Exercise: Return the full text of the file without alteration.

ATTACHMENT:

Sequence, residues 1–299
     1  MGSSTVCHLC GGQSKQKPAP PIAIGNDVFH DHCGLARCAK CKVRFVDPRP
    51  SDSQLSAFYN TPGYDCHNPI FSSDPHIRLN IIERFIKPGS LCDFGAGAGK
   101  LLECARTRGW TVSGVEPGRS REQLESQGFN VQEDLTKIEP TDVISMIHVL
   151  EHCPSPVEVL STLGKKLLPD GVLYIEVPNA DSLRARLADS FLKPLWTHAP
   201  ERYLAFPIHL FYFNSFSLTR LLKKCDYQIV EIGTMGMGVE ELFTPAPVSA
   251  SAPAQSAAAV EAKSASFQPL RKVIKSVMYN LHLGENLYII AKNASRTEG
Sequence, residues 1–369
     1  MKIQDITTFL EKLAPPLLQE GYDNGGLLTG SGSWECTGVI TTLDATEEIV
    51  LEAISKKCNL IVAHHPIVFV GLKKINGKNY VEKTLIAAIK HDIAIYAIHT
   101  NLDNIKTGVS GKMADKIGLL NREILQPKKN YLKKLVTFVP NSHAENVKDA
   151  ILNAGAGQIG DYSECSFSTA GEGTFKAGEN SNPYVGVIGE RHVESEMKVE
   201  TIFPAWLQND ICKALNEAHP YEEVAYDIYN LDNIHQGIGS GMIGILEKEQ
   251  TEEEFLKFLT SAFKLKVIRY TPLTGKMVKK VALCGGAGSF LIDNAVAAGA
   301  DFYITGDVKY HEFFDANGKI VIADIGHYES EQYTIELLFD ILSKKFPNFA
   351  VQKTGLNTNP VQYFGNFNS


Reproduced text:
Sequence, residues 1–299
     1  MGSSTVCHLC GGQSKQKPAP PIAIGNDVFH DHCGLARCAK CKVRFVDPRP
    51  SDSQLSAFYN TPGYDCHNPI FSSDPHIRLN IIERFIKPGS LCDFGAGAGK
   101  LLECARTRGW TVSGVEPGRS REQLESQGFN VQEDLTKIEP TDVISMIHVL
   151  EHCPSPVEVL STLGKKLLPD GVLYIEVPNA DSLRARLADS FLKPLWTHAP
   201  ERYLAFPIHL FYFNSFSLTR LLKKCDYQIV EIGTMGMGVE ELFTPAPVSA
   251  SAPAQSAAAV EAKSASFQPL RKVIKSVMYN LHLGENLYII AKNASRTEG
Sequence, residues 1–369
     1  MKIQDITTFL EKLAPPLLQE GYDNGGLLTG SGSWECTGVI TTLDATEEIV
    51  LEAISKKCNL IVAHHPIVFV GLKKINGKNY VEKTLIAAIK HDIAIYAIHT
   101  NLDNIKTGVS GKMADKIGLL NREILQPKKN YLKKLVTFVP NSHAENVKDA
   151  ILNAGAGQIG DYSECSFSTA GEGTFKAGEN SNPYVGVIGE RHVESEMKVE
   201  TIFPAWLQND ICKALNEAHP YEEVAYDIYN LDNIHQGIGS GMIGILEKEQ
   251  TEEEFLKFLT SAFKLKVIRY TPLTGKMVKK VALCGGAGSF LIDNAVAAGA
   301  DFYITGDVKY HEFFDANGKI VIADIGHYES EQYTIELLFD ILSKKFPNFA
   351  VQKTGLNTNP VQYFGNFNS